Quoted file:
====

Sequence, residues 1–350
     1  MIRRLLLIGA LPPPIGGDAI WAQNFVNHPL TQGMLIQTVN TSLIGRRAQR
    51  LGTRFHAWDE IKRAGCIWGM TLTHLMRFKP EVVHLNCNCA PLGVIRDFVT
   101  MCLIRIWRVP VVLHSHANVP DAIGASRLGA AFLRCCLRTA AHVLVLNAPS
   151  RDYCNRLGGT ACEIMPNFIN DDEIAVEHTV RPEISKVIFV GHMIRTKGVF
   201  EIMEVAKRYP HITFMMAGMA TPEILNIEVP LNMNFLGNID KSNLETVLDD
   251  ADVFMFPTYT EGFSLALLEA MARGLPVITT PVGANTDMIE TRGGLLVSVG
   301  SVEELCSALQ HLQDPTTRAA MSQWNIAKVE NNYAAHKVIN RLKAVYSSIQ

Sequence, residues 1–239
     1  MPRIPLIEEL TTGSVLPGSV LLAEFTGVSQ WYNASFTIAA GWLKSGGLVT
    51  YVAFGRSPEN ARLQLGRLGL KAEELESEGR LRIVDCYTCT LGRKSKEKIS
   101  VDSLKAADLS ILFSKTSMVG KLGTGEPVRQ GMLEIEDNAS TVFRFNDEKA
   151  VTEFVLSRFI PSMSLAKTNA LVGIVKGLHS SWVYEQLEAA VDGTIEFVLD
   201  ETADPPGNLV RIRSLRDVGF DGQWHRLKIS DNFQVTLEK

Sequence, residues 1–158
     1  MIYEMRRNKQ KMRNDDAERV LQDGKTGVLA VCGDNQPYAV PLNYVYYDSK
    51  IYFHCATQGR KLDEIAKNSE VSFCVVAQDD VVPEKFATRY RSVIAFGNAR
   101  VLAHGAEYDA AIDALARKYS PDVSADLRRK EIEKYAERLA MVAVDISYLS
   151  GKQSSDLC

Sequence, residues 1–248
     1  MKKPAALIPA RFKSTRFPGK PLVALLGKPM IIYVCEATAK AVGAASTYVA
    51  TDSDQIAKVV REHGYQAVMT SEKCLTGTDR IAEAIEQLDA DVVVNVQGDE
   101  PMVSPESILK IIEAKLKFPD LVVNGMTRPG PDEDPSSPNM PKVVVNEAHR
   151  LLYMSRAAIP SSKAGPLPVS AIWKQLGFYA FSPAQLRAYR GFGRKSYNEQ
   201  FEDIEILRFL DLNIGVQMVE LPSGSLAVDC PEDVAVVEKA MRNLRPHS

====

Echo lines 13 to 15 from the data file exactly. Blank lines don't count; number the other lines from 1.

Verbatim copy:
   151  VTEFVLSRFI PSMSLAKTNA LVGIVKGLHS SWVYEQLEAA VDGTIEFVLD
   201  ETADPPGNLV RIRSLRDVGF DGQWHRLKIS DNFQVTLEK

Sequence, residues 1–158